The Taipei District Prosecutors’ Office yesterday opened an investigation into the Taipei-based Good Liver Clinic after allegations that it gave free COVID-19 vaccine shots to people not in groups eligible to receive them.
Prior to Wednesday, the Central Epidemic Command Center (CECC) had only authorized three groups of people in Taipei to receive shots: The first priority group, composed of registered healthcare workers and other non-healthcare workers at healthcare facilities; the second priority group, composed of central and local government disease prevention personnel; and the third priority group, composed of frontline workers with high infection risk exposure, such as flight or ship crew members, and disease prevention taxi drivers.
However, a Good Liver Clinic branch was on Tuesday found to have a long line for vaccinations.
Photo: Chien Hui-ju, Taipei Times
Media reports said that 1,285 people received shots, even though most of them were ineligible, including electricians, plumbers and clinic volunteers, sparking controversy over whether people with privilege have greater vaccine access.
Some have speculated that the clinic had an “inside connection” to obtain “extra vaccines” because clinic director Sheu Jin-chuan (許金川) was a medical school professor when Taipei Mayor Ko Wen-je (柯文哲) took his training at National Taiwan University Hospital.
Yesterday, Premier Su Tseng-chang (蘇貞昌) told a Cabinet meeting: “Vaccines are precious right now because of their limited supply, so administering them must follow the CECC’s rollout protocols. When people fail to comply and give shots to ineligible persons, an investigation will be conducted and those responsible will be punished for breaking the law.”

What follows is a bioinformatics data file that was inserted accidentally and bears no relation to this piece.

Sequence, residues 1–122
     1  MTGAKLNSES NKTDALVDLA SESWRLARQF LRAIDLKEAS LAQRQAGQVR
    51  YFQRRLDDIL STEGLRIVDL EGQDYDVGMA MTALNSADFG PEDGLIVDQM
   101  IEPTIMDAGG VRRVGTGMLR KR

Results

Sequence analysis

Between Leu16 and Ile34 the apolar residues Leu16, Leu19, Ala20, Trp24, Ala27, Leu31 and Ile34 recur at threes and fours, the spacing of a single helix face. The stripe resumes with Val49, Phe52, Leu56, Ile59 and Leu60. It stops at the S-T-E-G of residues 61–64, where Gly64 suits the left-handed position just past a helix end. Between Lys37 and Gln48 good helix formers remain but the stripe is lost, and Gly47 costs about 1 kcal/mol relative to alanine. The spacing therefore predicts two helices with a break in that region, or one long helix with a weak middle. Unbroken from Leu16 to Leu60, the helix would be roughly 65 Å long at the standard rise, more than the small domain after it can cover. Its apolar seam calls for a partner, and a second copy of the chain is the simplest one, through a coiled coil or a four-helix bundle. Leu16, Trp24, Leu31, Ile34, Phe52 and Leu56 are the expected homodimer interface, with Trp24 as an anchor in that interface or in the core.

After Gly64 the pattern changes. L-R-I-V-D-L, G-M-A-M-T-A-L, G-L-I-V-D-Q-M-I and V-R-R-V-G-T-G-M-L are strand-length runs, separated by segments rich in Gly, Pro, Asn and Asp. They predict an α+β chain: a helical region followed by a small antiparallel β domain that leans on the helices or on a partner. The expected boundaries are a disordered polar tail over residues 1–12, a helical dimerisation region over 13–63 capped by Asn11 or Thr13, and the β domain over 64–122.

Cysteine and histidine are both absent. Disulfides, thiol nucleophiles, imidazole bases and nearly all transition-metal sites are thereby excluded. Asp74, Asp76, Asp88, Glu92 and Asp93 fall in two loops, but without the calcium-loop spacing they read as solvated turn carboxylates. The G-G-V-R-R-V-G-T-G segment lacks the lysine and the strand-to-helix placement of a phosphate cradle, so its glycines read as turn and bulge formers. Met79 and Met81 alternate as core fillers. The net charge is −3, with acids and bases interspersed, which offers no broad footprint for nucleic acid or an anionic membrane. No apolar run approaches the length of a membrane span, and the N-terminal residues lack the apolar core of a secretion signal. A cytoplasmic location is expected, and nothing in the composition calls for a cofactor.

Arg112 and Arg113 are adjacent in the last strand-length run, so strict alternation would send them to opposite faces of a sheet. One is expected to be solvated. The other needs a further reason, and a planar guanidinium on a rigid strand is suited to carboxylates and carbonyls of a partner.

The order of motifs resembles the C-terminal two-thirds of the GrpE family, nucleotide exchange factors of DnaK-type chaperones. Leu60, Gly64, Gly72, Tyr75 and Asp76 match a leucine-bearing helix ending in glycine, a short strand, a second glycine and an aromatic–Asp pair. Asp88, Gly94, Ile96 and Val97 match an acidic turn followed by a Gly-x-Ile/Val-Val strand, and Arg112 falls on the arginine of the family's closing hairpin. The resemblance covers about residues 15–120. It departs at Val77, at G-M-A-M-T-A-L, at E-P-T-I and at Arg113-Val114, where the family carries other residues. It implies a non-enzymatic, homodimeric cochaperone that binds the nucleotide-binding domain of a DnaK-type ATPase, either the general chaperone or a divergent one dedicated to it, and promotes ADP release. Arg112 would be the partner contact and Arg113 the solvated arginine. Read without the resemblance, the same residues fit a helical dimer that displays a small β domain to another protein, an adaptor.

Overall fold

Prosecutors — armed with search warrants and in coordination with the Ministry of Justice Investigation Bureau, the Agency Against Corruption, and Taipei Police Department units — searched the clinic and offices of the Taipei Department of Health, taking with them documents for the investigation.
They questioned Sheu and other people embroiled in the case via videoconferencing.
The Democratic Progressive Party legislative caucus questioned whether the city government had distributed vaccines based on privilege or favors to friends, and demanded that Ko verify on what basis the vaccines were distributed to the clinic.
“It is very unfair because many frontline medical personnel have not yet gotten vaccinated,” DPP Legislator Liu Shyh-fang (劉世芳) said. “So far, the Taipei City Government has not clearly explained its disbursement procedure, and whether the vaccines were allotted to the clinic based only on privilege or special connections.”
Separately yesterday afternoon, members of the Taiwan Republic Office filed a complaint at the Taipei District Prosecutors’ Office, requesting that Ko’s “illegal activities” be investigated and accusing Ko of having a major role in deciding which clinics received vaccines.
Additional reporting by CNA
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